#FinancialFridays: Credit cards and weeds and other financial lessons.
As we learned in our Financial Friday feature last week, our ideas and habits with money develop early in our lives. What did you learn from watching and listening to those around you? What was the best advice you ever received?… And what was the worst?
I’ll go first.
Worst: “You’ve got a credit card, right? Just put it on your credit card.”
When I was a student I got my first credit card. Other students were also getting credit cards. The credit card companies came to campus and made it so easy to apply for one. You could even walk away from their little table set up right outside the cafeteria with your new credit card; no credit check needed.
With this new found freedom away from home and access to this new source of “free money”, it made it tempting to use the maximum amount on the credit card for meals off campus and new clothing at stores we didn’t have back home and drinks at the bar. And my roommates and classmates were doing it too, so why shouldn’t I. What a mess!
What I learned was the hard lesson that comes with paying down high interest over a long time. Now I try to use my credit card sparingly and when I am able to reasonably pay it off within a reasonable time period. This isn’t always possible but keeping it in mind helps me limit my spending on non-essentials and using my credit card without thinking first about the consequences.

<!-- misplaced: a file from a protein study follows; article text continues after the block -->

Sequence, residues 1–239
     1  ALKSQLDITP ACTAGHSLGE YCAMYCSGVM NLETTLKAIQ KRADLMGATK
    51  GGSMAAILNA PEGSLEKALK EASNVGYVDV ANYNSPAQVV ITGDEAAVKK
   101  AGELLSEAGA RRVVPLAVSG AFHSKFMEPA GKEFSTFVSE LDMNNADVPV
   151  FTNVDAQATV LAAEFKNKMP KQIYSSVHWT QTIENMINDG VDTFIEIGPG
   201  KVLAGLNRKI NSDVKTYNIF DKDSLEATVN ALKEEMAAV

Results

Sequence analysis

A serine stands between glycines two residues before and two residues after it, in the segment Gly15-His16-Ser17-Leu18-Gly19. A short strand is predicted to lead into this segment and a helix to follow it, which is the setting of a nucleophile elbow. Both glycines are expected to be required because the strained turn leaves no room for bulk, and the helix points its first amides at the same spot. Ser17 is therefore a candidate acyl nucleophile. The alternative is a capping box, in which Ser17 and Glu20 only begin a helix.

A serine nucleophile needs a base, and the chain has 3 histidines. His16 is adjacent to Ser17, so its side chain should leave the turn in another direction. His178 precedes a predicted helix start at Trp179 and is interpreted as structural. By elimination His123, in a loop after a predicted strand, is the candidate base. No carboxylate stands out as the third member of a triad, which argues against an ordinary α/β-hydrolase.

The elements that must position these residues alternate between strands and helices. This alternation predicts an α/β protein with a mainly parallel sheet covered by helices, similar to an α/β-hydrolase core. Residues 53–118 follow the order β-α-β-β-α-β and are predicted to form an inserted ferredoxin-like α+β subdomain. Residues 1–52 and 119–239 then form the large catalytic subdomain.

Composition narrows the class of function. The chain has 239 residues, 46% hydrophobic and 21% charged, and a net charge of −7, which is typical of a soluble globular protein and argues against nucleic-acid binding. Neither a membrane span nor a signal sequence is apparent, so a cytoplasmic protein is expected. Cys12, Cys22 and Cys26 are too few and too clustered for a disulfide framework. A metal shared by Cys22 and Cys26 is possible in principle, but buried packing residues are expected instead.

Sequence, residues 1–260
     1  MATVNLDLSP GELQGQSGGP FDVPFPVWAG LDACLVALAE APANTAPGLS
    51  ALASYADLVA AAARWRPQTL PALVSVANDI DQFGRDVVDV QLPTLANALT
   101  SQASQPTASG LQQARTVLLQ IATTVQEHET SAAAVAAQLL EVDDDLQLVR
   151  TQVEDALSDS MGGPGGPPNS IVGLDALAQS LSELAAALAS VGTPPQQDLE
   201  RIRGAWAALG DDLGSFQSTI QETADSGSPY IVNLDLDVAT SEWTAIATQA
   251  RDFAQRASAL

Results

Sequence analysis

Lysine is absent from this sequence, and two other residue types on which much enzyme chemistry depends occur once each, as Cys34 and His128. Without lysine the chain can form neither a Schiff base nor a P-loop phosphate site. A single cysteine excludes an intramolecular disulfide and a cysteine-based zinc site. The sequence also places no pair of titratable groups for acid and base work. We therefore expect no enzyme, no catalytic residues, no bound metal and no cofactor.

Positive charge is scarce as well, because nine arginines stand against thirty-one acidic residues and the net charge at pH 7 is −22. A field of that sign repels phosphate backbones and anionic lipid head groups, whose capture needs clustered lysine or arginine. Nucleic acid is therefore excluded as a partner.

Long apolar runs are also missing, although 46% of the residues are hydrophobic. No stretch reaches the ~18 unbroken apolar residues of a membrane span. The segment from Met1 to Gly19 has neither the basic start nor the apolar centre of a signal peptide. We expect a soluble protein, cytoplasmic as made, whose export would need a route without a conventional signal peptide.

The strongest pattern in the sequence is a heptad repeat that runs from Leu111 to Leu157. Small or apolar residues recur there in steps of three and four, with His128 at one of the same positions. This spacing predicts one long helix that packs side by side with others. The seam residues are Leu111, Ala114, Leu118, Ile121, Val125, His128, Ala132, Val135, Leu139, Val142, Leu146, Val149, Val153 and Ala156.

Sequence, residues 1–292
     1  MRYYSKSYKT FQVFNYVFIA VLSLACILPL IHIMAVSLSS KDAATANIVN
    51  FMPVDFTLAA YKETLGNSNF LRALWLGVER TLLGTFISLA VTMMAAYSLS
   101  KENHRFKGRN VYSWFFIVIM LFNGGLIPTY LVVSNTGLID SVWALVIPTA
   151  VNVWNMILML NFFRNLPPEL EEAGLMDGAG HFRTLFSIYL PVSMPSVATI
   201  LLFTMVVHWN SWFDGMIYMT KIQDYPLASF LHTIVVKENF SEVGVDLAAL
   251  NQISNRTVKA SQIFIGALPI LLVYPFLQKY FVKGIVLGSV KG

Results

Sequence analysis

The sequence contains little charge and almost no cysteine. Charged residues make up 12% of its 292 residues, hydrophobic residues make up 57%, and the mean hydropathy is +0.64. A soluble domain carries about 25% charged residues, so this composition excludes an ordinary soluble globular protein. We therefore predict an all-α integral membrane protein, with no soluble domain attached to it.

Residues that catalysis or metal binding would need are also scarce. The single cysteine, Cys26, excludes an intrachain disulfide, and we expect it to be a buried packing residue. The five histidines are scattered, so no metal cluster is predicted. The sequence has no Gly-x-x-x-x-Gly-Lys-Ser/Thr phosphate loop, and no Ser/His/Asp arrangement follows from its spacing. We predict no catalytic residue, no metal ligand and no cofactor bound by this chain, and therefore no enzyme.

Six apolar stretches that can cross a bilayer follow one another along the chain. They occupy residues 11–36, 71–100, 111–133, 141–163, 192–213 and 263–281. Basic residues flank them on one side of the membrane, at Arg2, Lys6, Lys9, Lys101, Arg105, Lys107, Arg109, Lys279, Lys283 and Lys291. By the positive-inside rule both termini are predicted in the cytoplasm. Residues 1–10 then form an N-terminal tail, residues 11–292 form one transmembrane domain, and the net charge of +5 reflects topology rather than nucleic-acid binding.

Best: “Before you buy something, count how many weeds you would need to pick to buy that thing.”
Strange advice at first glance but, I promise, it makes sense with some background. When I was around 5 years old, my older brother and sister had a job cutting grass for a family friend. My dad supervised and put me to work pulling weeds. I had to keep track of the number of weeds I pulled; Not an easy feat for a five year old. We would then add that number to our bill (Yes, my father made us write up bills for our work.). I was paid $0.05 per weed I pulled. One day, my sister, who was a wise 9 year old, told me to think about how many weeds I would need to buy the candy I wanted; Would I pick 40 weeds for that $2 worth of candy I wanted?
Since then, how my pay is calculated has changed. I now get paid by the hour. What has stayed the same is the principal; Would I work 3 hours to be able to buy that pair of pants? Sometimes the answer is yes and sometimes it is no. The process of thinking it through is helpful every time. Pretty good advice from a pretty smart lady.
Caroline Araujo Abbotts, Financial Literacy Coordinator
* * *
Are you facing financial challenges and aren’t sure where to turn? Our Financial Literacy Program is here to help. The program is open to residents of Bruce and Grey Counties and is free and 100% confidential. Call 519-376-1560 to learn more or visit https://unitedwayofbrucegrey.com/services-offered/financial-literacy-budgeting-etc/